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What is the difference between the Canon “1/2” and “3” ICC printing profiles?

In How-To, Photo Taco Podcast by Jeff Harmon1 Comment

Canon offers two ICC profiles specific to the printer for each type of paper. One has “1/2” in the name and the other has “3” in the name. The print quality setting you choose as you print determines which you should use. Use the “3” profile when the print quality is set to “Standard”. For all other print quality settings use the “1/2” profile.

What Does Changing the Print Quality of a Canon Printer Do?

The obvious answer is the right one. Choosing a print quality of “Standard” will print faster, use less ink, and lack some detail. The “High” print quality will print slower, use more ink, but has the most detail possible.

The non-obvious part of the answer is a little complicated but has to do with getting the very best results when printing photos. To understand that you have to understand the print quality scale.

The Canon “Print Quality” Scale

Print Quality of “Custom” for Canon PIXMA Pro-100 shows Fast to Fine

Even if you are experienced printing with Canon printers, it is very likely you have never seen or known about the print quality scale. You can see the scale illustrated in the printer driver if you choose a quality setting of “Custom”. The Canon printer driver for my PIXMA Pro-100 printer has a scale from Fast on the left to Fine on the right. The scale shown in the Canon printer driver for your Canon printer may look different from the image above, but they all use the same number scale behind the scenes.

The far left has a print quality value of 5 while the far right has a print quality value of 1. “Standard” (instead of “Custom”) corresponds to a print quality value of 3. “High” as a print quality corresponds to a print quality value of 1.

These numbers are important if you have software manage the ICC profile that will be used as you print. With Canon ICC profiles you have to make sure it matches the print quality you are using.

Matching Canon ICC Profiles to Print Quality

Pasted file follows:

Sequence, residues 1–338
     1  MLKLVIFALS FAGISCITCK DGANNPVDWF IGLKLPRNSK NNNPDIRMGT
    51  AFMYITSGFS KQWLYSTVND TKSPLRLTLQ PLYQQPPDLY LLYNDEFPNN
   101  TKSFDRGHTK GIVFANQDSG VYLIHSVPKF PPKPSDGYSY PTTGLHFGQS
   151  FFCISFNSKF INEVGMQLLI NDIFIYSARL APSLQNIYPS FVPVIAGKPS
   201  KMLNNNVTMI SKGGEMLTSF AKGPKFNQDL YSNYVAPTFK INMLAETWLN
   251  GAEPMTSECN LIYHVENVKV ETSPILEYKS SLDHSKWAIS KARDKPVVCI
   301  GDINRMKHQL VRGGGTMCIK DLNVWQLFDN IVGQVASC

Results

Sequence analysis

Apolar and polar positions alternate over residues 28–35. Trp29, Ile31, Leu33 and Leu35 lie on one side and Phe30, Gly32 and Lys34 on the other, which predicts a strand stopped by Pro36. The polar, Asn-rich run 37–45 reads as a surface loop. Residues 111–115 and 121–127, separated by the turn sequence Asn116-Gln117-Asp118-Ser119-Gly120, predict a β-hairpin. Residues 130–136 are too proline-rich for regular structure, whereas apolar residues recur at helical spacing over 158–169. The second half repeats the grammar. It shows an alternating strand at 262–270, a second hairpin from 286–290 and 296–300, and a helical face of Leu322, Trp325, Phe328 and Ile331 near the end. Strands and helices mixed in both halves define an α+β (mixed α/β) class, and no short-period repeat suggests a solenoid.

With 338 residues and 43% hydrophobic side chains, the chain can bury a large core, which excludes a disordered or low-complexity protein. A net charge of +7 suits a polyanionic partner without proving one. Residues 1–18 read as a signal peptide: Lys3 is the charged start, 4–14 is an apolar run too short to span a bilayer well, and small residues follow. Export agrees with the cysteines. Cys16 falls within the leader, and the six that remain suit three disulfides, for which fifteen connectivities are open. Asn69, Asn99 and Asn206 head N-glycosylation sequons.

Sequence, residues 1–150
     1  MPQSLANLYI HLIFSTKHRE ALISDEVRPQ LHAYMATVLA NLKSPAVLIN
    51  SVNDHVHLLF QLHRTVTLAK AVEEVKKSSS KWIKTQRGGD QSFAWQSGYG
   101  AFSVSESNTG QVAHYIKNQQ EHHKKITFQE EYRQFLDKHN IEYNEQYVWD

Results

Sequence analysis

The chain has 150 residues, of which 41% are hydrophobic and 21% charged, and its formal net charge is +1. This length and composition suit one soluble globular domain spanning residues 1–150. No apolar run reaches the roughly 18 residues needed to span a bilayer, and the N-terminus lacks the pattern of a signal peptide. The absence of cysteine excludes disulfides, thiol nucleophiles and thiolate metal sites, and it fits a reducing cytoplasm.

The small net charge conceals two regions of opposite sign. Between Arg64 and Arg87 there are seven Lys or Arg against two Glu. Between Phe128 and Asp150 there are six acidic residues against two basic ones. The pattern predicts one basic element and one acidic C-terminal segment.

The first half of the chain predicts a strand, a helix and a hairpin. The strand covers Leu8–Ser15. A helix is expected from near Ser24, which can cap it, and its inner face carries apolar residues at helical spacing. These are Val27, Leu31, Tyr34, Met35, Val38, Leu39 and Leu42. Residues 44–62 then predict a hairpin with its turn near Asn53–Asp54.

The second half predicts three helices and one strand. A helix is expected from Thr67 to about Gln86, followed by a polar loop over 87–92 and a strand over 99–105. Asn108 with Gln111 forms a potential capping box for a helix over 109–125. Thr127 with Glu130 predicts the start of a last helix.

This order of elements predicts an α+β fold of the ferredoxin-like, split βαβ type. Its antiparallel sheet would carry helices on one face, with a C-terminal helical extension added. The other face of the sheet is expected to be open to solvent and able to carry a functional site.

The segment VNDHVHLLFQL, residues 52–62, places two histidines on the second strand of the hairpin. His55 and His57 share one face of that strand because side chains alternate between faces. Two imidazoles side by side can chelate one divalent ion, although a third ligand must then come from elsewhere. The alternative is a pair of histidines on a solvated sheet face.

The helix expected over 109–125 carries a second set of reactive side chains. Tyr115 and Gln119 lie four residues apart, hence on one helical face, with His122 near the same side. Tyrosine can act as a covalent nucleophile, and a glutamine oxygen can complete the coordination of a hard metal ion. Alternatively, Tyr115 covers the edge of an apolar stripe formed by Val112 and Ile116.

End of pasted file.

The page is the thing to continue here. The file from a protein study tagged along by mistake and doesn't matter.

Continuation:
Honestly, most photographers shouldn’t care about the ICC profile being applied as they print. At least not when printing using everything Canon. Canon printer, Canon paper, Canon ink. Choose a profile of “Managed by printer” in Lightroom or Photoshop and the Canon printer driver will automatically apply the correct ICC profile based on the choices you make in the Canon printer driver. Easy peasy.

As illustrated in the image above, when you set the media type as “Photo Paper Plus Semi-Gloss” and print quality as “High” the Canon printer driver will automatically apply the correct “SG1” ICC profile and you don’t ever have to worry about what that “SG1” profile means.

This approach is foolproof. It is simple and produces beautiful prints, especially if you use a calibrated display to edit your photos. This is how I recommend most photographers print their photos if they use everything Canon (printer, paper, ink).

ICC Profiles For Non-Canon Paper

If you use non-Canon paper things get a little more complicated, but you don’t have to worry about the somewhat confusing Canon ICC profile names. For the best results you can’t use “Manged by Printer” with non-Canon paper in a Canon printer. You have install and use an ICC profile from your paper manufacturer. Fortunately, the naming of that profile is likely more obvious than how Canon has named their ICC profiles.

You will also need to find out from your manufacturer which Canon media type you should use in the Canon printer driver. While there is a way to add a media type to some Canon printer drivers, it isn’t available for all Canon printers and is pretty complicated. Not worth the hassle. Instead, most paper manufacturers will provide the ICC profile for their paper in your specific Canon printer and tell you which of the Canon media types to choose in the Canon printer driver.

I know, ICC profile and media type. Set in two different places. This can be a little confusing. Let’s go over a more specific example. Let’s say you are printing on “UltraPro Satin 4.0” paper from Red River. Hear are the basic steps to getting the best possible results printing on a Canon printer.

  1. Download and install the ICC profile for that paper specific to your printer. Red River provides great instructions and makes this pretty easy. If you can’t find an ICC profile from your paper manufacturer, might be time to find a new manufacturer.